Friday, March 2, 2012

The Birth Year Reading Challenge

I just found an interesting literary pursuit:  The Birth Year Reading Challenge from Hotchpot Café.  Participants find books published in the year of their birth and pledge to read them this year.  If you're interested, hop over to Hotchpot Café, and then check out the NYT best-seller list for the very week you were born at

After a bit of research, here's my list: 

Matarese Circle—Robert Ludlum—Number one on the NYT best-seller list the week I was born.  I've never read any Ludlum.  Spy novels really aren't my genre.  But it's very Cold War, the last gasps of which played a big role in my childhood. 

Good as Gold—Joseph Heller—Number two on the NYT list the week of my birth.  I read Catch 22 in the Czech Republic.  I didn't exactly like it all.  The profanity and "adult" material detracted from the experience for me.  I couldn't keep track of all the characters or the timeline.  Once I decided to stop trying to keep everything straight, however, I just melted into the insanity of it all:  the bizarre, contradictory, implausible nature of war and life.  Brilliant and powerful book, if not always to my taste.  I'd liked to see how Good as Gold compares.  

Sophie's Choice—William Styron.  I haven't seen the movie, but the book's been on my "to read" list for a while.  The effects of the Holocaust are far-reaching.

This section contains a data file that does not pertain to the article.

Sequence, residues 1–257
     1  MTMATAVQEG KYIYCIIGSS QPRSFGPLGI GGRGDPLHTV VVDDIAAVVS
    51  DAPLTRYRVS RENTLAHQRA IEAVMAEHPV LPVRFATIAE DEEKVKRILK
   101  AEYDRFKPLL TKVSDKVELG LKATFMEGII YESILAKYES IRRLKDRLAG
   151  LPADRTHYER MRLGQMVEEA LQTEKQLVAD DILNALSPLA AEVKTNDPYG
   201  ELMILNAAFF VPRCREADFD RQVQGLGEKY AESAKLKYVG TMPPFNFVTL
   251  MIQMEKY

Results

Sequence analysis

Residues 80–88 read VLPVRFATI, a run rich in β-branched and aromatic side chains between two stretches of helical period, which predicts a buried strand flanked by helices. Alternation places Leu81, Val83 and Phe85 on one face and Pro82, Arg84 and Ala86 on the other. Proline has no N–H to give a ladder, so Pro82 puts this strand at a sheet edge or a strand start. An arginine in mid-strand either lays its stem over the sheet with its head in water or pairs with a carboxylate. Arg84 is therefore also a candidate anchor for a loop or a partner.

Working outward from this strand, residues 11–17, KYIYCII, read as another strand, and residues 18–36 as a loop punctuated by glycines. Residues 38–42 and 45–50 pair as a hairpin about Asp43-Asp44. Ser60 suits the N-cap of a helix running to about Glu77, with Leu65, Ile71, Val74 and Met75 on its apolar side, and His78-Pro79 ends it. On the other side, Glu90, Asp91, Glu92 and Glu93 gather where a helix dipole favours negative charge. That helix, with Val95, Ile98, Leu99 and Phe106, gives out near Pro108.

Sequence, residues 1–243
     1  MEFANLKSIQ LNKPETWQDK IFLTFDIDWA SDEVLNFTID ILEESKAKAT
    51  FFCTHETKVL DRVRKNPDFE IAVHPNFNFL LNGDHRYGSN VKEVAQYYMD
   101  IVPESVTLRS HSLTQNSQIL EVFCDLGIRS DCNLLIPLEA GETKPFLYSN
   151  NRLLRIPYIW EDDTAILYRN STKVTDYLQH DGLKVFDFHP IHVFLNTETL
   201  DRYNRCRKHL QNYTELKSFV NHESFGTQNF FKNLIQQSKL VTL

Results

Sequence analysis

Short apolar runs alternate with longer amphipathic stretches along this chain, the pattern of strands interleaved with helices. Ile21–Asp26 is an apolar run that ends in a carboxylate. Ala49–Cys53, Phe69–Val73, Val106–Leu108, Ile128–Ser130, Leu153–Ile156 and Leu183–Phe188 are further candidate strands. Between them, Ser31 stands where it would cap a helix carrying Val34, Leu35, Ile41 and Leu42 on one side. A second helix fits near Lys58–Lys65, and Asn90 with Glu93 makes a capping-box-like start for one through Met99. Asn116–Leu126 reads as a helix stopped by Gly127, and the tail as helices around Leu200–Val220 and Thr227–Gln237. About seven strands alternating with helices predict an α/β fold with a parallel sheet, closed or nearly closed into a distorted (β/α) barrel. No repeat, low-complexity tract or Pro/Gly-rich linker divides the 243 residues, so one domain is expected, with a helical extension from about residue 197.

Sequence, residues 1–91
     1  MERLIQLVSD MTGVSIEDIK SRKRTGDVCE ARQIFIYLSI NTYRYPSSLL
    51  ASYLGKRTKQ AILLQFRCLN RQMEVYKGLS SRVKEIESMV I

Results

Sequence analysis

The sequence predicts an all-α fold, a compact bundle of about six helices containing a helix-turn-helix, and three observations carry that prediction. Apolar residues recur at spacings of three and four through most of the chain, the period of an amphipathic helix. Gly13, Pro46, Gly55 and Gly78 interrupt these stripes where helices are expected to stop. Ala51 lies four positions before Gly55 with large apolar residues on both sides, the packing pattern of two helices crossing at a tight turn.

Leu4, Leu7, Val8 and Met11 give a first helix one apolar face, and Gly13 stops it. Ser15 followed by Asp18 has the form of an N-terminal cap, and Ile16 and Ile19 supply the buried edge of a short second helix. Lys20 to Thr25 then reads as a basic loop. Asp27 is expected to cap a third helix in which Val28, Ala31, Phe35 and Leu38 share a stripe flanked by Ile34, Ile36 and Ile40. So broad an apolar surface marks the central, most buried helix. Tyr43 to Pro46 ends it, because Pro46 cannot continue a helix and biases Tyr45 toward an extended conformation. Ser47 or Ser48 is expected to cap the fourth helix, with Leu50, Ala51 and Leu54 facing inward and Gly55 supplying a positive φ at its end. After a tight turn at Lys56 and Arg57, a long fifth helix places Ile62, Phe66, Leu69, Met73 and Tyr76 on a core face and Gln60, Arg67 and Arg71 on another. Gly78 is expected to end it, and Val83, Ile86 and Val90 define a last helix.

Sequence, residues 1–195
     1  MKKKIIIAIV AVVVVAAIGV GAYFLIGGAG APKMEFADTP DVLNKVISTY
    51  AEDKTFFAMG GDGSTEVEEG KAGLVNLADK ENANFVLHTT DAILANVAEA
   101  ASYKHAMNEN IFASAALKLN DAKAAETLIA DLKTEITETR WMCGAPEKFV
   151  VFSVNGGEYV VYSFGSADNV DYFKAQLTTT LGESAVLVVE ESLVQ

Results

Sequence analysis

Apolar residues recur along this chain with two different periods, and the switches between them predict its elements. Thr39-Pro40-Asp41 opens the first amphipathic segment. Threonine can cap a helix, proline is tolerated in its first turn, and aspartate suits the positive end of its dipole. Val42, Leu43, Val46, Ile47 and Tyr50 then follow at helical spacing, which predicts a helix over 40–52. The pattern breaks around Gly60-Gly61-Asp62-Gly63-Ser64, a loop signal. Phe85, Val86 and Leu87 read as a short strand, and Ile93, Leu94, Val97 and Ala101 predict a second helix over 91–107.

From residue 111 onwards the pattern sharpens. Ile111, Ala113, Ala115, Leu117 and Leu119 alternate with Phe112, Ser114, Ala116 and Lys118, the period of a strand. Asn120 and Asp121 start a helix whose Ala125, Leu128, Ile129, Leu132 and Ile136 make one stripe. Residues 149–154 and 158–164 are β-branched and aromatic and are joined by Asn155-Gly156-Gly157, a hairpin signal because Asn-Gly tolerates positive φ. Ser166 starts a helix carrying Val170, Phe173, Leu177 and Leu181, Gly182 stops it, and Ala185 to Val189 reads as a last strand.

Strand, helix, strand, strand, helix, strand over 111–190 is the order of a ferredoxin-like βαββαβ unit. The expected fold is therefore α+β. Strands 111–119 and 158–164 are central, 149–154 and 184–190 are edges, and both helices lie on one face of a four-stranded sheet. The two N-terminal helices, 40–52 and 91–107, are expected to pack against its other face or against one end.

If on a Winter's Night a Traveler—Italo Calvino.  Famous for being written in second person, and playing with the roles of reader and author, this book intrigues me.  Like Catch 22, who knows if I'll actually like it, but I'm open. describes it as a "triumphant response to the question of whether the art of fiction could survive the vast changes taking place in the communications technology of our world."  In 1979?  He's probably rolling in his grave now.

Hard Laughter—Anne Lamott.  I'm just finishing up on her Bird by Bird;  Some Instructions on Writing and Life.  She has some clever lines and good advice (most of it more about mindset than actual skill development), but I find the book a little whiny.  She talks on and on about how torturous it is to be a writer, until I'm kind of like, "why do you write, then?"  I think that's just her brand of humor, though I can only take it in small doses.  I'd like to see what her novels are like.  This is her first published, and she talks about it a lot in Bird by Bird.  


  1. Welcome, Melinda! Thanks for joining in! You have some good choices here. I loved Sophie's Choice and I have always wanted to read the Calvino book, so I am looking forward to hearing about those, especially.

  2. They didn't make books when I was born and all the tablets have turned to dust...

  3. Maybe if you invented some chrono-imaging technologies to sense the imprints on time and space of that chiseled writing. ;) Sorry. Been reading too much Asimov. :)